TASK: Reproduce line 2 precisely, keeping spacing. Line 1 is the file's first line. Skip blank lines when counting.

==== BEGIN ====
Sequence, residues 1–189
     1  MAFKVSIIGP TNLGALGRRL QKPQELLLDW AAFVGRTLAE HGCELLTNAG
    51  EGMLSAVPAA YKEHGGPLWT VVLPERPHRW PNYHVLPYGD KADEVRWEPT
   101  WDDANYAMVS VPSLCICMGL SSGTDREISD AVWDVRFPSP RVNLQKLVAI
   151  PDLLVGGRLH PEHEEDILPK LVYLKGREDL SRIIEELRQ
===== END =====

     1  MAFKVSIIGP TNLGALGRRL QKPQELLLDW AAFVGRTLAE HGCELLTNAG